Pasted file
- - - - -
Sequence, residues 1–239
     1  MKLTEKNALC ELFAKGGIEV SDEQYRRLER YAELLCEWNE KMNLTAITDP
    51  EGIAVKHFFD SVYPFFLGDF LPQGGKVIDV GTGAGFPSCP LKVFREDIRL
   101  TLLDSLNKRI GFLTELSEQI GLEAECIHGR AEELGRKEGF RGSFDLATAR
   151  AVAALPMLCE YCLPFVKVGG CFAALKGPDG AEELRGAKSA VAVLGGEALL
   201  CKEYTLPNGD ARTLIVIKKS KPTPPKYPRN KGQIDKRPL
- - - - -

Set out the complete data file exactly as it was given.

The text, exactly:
Sequence, residues 1–239
     1  MKLTEKNALC ELFAKGGIEV SDEQYRRLER YAELLCEWNE KMNLTAITDP
    51  EGIAVKHFFD SVYPFFLGDF LPQGGKVIDV GTGAGFPSCP LKVFREDIRL
   101  TLLDSLNKRI GFLTELSEQI GLEAECIHGR AEELGRKEGF RGSFDLATAR
   151  AVAALPMLCE YCLPFVKVGG CFAALKGPDG AEELRGAKSA VAVLGGEALL
   201  CKEYTLPNGD ARTLIVIKKS KPTPPKYPRN KGQIDKRPL